Oh my goodness, this Prime Rib Recipe is amazing!
I challenge you to try it and tell me it’s not. I think I ate a pound of it last night and probably would have eaten more if I wasn’t around other people.
The best part is, this is an EASY prime rib roast recipe, takes about 15 minutes to prep – the hardest part is waiting.
So pick your chin up, wipe the drool off and let’s get started!
1 New York or Rib Eye Roast, room tempature (about 8oz per person, and make sure it’s cut from the bone and retied)
1/4 cup Kosher Salt
10 Whole Cloves of Garlic
Fresh Herbs – Thyme, Oregano and Rosemary – about 1T each – I just threw them in.
1/4 Olive Oil
1. In blender or food processor, thoroughly blend garlic, fresh herbs and olive oil. In a separate bowl mix kosher salt and pepper. Remove ties from roast and set inside roasting pan and rub roast down with garlic paste and salt & pepper mixer, until it is completely covered. Retie and turn roast with bone side down, letting it rest until it reaches room temperature (30 minutes).
2. While roast is resting, preheat oven to 400 degrees. Roast the meat for 1 hour. Turn the oven off for 4-5 hours and DO NOT OPEN the door. Turn oven back on 350 degree and cook another 1-1 1/2 Hours more. The true test that your meat is done if the temperature, not the time. Make sure you have a thermometer that is accurate.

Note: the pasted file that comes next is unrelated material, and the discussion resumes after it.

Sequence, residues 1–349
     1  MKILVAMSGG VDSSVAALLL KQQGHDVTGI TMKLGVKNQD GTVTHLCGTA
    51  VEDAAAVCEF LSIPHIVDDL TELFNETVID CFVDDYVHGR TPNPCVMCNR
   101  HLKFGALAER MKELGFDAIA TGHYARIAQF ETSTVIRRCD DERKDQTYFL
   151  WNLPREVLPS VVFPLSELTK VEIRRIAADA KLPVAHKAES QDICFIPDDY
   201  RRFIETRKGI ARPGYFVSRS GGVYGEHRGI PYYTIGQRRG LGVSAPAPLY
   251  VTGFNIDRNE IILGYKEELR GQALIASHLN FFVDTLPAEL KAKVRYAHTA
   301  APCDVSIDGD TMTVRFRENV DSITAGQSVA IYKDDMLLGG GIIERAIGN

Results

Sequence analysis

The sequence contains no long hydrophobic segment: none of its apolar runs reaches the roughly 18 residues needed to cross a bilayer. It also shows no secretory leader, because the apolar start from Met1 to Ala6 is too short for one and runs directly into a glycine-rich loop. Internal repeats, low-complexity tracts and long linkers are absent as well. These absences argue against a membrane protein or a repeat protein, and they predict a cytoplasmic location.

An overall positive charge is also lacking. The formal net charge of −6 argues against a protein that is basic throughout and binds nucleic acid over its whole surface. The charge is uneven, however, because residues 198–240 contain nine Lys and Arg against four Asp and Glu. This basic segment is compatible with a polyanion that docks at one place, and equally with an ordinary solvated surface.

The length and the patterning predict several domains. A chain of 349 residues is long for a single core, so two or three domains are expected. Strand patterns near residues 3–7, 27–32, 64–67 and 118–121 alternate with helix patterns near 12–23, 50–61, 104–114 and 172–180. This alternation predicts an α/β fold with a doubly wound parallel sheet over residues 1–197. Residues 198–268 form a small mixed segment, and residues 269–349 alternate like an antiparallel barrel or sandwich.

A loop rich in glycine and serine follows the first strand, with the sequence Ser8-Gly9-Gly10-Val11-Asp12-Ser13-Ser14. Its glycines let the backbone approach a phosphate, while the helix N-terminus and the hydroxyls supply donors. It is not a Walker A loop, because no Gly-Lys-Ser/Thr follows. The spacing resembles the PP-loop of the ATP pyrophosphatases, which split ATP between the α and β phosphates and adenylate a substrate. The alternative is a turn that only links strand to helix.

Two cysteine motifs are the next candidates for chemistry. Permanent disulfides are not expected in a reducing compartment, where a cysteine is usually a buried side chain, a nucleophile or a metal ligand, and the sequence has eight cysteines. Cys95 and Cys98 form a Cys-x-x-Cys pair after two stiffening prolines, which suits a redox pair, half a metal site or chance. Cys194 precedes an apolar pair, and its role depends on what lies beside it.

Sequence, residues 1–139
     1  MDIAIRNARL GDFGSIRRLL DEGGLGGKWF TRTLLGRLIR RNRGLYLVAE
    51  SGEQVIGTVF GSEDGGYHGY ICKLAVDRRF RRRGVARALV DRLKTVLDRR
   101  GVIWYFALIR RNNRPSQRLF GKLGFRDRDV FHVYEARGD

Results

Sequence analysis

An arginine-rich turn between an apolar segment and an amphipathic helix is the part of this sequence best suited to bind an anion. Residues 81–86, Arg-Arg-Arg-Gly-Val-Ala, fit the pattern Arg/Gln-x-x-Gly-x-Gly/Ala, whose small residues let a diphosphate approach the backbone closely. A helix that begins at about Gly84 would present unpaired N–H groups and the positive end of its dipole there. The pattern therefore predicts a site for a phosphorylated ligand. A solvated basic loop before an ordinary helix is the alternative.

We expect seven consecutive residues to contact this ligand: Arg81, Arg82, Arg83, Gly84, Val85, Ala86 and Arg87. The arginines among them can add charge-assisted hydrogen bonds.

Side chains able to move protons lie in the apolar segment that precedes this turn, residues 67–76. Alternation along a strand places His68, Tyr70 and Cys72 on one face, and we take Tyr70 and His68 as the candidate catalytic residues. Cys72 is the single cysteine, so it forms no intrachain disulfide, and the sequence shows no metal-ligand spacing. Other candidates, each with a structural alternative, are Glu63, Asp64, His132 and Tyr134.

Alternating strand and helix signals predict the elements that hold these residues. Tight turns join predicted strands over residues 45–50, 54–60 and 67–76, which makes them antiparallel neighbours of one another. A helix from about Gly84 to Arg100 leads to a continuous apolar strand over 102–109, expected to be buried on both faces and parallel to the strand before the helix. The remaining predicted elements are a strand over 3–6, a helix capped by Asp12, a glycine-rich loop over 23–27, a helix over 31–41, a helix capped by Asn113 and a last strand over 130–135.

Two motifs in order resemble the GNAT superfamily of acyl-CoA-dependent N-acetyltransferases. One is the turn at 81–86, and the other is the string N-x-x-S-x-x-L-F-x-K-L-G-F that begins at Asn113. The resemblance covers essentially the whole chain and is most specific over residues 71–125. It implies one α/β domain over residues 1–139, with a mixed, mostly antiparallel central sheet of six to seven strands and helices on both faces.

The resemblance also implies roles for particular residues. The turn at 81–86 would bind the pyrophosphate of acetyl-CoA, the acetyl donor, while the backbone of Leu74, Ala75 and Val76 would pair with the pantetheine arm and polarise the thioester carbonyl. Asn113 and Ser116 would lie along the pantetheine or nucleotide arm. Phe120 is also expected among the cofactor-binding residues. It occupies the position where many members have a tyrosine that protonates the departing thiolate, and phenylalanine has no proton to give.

What temperature your prime rib roast should be:
Rare 120-125 | Medium Rare 130-135 | Medium 140 to 145 | Medium Well 150 to 155 | Well Done 160
3. Remove roast from pan and let rest for at least 20 minutes before cutting, resist the urge to cut through to see if it’s done. Remember that meat will continue to cook when resting.
Few last minute tips:
I have been making this same roast recipe for several years now. I still get nervous every time, and that’s because this is an expensive piece of meat. But don’t worry, it will turn out great.
Another great part about this recipe is that it works around your schedule. If you are preparing for Christmas day and going to church in the morning, you can complete the first step (roasting for an hour) and have a good stretch of time when you don’t even have to think about it.
Gauge that last 1 1/2 cooking time for when your guests will arrive. Remember that if your party is starting at 6pm, plan for your roast to be ready by 6:30 including resting time. Who starts eating right when people walk in the door?
Ta!Ta! Let me know how your holiday meal turns out!